2 this structure varies over the evolution of a project. It is thus the code structure that is under analysis rather than the process through which it is generated. 2 The Simulation Model The framework is based around a fictitious code base which defines the basic rules of software development such as the existence of classes and methods as well as their means of interaction. Agents (simulated developers) then evolve this code base through the addition and processing of requirements. The specifics of evolving and measuring the system are left to customizable plug-ins which can be tailored to fit individual experimental aims. The framework thus presents a controlled environment that enforces the evolution of the code base in a realistic manner - the direction that this evolution takes rests in the hands of the experimenter. The proposed model follows a simple feedback network. Its four basic elements are requirements, evolution, code metrics and the code base. The latter three are connected in a feedback circuit as shown in Figure 1: Requirements Agent (s) Code Base Feedback Code Metric Evolution Policy Simulated Physical Structures Simulated Development Processes Figure 1. An overview of the basic elements of the simulation framework and the data flows between them. The feedback loop from the Code Base back to the Agent via the Code Metric is also shown. 1. Requirements: Requirements are generated through a stochastic, configurable process and can be reused across experiments or created afresh. Requirements control the conceptual content of the simulation to later be turned into code constructs. 2. Evolution: The Agent and Evolution Policy evolve the code base using the requirements specified. Evolution is concerned with turning the hierarchy of requirements of different types into a structure of code constructs. 3. Measurement: Code metrics provide a means for the Agent to evaluate the code base prior to changing it. This supplies the closing section of the feedback loop in which agents can respond differently depending on their observation of the code base.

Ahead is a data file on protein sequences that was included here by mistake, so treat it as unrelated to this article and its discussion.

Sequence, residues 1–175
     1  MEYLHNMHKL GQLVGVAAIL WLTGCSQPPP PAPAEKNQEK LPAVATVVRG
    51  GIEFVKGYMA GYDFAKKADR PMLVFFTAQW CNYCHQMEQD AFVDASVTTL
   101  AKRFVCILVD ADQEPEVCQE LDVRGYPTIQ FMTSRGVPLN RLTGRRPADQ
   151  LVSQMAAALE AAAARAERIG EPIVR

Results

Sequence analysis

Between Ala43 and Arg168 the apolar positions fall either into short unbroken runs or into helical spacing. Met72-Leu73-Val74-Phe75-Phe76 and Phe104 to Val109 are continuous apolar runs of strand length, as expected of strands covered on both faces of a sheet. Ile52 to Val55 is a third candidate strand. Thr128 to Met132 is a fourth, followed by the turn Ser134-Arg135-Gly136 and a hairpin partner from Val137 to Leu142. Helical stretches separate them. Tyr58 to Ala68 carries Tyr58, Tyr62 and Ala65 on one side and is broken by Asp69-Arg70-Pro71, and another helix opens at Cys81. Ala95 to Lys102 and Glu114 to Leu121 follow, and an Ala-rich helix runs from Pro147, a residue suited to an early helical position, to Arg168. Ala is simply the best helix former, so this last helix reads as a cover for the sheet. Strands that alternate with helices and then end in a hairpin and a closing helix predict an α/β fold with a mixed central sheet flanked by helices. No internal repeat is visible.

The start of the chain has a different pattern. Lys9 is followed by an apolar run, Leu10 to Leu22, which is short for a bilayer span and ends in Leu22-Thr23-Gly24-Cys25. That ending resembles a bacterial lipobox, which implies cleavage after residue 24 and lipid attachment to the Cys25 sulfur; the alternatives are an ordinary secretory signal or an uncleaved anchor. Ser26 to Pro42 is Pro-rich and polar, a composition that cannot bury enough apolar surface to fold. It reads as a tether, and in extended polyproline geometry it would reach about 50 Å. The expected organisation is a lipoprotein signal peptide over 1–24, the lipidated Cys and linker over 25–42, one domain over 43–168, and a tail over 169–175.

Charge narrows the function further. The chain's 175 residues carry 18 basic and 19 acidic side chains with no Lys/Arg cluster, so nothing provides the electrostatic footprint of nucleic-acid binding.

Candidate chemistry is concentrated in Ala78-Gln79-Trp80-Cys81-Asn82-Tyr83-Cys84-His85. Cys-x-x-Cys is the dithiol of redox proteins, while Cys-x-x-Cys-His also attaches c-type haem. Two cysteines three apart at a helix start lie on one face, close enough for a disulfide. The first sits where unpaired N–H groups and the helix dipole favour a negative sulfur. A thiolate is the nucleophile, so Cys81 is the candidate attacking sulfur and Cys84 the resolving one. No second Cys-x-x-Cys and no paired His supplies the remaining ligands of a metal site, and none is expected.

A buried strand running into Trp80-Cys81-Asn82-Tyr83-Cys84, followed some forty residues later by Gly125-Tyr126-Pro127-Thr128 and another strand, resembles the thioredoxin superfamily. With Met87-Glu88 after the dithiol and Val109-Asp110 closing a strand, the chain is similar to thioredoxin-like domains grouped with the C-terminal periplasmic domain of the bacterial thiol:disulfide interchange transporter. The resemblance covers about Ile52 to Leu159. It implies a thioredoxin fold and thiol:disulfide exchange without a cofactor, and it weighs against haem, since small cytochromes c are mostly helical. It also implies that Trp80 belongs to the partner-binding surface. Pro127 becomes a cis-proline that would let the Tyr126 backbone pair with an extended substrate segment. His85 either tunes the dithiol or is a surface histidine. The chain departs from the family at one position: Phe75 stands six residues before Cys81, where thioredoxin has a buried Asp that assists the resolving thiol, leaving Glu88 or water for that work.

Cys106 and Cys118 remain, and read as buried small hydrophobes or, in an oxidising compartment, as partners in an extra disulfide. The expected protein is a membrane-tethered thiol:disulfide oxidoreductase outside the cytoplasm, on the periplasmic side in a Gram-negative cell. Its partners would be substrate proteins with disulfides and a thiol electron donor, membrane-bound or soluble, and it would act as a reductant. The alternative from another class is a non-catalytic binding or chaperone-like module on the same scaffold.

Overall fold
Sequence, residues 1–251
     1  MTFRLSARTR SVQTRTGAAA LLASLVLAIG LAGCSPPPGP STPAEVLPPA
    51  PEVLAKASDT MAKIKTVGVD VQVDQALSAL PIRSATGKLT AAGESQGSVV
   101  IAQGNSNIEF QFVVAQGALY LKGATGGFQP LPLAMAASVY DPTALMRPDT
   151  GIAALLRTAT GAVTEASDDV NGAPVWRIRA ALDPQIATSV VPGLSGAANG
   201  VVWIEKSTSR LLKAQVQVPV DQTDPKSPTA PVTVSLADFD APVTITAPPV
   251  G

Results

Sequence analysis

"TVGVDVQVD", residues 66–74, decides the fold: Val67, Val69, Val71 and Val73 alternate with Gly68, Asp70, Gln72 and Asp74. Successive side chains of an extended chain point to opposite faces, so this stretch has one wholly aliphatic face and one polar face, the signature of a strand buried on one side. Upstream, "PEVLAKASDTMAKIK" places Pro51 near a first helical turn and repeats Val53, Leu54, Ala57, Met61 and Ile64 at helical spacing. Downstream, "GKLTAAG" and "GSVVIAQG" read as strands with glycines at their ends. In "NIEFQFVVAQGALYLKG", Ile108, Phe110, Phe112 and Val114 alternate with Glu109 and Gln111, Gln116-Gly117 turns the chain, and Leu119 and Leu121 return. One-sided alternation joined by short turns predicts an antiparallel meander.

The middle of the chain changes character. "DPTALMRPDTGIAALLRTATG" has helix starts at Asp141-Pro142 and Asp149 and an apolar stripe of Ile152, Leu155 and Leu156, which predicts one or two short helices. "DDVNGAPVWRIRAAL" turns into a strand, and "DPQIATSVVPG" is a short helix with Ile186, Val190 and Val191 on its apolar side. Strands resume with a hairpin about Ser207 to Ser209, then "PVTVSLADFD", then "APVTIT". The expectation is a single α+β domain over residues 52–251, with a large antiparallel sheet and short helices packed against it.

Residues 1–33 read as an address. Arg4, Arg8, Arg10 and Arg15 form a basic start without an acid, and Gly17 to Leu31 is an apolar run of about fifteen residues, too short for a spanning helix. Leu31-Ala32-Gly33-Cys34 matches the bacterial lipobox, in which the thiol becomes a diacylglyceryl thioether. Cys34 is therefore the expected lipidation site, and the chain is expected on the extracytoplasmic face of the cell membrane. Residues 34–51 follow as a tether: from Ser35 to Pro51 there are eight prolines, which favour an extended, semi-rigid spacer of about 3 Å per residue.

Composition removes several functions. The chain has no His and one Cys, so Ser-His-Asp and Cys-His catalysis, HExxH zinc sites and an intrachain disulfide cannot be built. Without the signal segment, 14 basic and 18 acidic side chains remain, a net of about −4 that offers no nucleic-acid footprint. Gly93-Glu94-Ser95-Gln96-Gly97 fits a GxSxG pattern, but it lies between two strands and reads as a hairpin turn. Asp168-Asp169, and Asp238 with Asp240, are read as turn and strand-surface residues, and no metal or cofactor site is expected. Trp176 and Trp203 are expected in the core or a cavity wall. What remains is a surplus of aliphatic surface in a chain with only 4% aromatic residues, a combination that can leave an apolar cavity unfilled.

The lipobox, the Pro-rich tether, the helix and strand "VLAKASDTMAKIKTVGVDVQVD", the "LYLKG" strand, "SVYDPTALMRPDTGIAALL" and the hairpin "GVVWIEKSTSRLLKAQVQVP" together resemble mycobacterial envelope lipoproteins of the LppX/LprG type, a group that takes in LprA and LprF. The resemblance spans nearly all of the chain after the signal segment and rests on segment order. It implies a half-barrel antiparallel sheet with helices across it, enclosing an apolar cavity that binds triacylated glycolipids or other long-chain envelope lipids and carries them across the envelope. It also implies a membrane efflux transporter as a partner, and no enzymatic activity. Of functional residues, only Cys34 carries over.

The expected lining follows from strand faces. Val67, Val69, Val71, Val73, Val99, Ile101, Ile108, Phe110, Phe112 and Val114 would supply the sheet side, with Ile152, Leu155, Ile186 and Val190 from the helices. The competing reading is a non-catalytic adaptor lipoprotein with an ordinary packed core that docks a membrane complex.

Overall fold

3 4. Code Base: The evolution of the relationships between physical code constructs is modeled inside the Code Base. The simulation considers only entities greater than, or at method level. A run of the simulation starts with the generation of a set of requirements. These are then passed to an Agent to implement. The Agent implements the requirements through the use of an evolution policy specified for the particular experiment. The evolution policy defines a set of rules dictating how to structure code as it is added. The evolution policy can also take into account information on the current state of the code base fed back to it from the code metrics. The evolution of the code base is measured using a cost function. The cost function is an arbitrary measure that can be used to compare the relative costs of different runs of the simulation. The costing model is split into implementation cost and metric cost. The former is the cost associated with creating and altering code. The latter is the cost output by the metric. The code metrics allow experimenters to model the cost of comprehending different structures as well as a means for agents to observe the code base. The act of observing the code base through metrics causes information to be fed back from the code base into the evolution policy so that the code base structure can influence how it is evolved. This is important since it allows the state of the code base to alter the evolutionary decisions made by agents. Such feedback loops, formed from simple concepts, are responsible for many of the processes observed in complex systems [3]. As such, the simulation can create responses that are likely to differ significantly from those formed by static analysis. 2.1 Requirements Requirements control the conceptual content of the simulation to later be turned into code constructs; the separation of requirements from evolution is important. Running with different requirements allows the simulation to model different development environments (for example green field developments vs. mature products). Experiments can then either hold the requirements constant or deliberately vary them to explore how they effect the simulation. Requirements are generated though a stochastic process and can be serialized and reused across different experimental runs. 2.2 The Code Base The code base acts as a repository for different code constructs created and linked together by Agents. These constructs can then refer to one another via the various calls made open to them by the simulation framework such as Reference or Create Function. The code base encapsulates all creational calls and references so that responsibility for enforcing integrity within the resulting code is retained. The code constructs used by the simulation are based on the work suggested by Kelsen [5]. They include Classes, Functions, Events, Properties and References. Classes and Functions represent standard classes and functions that might be encoun-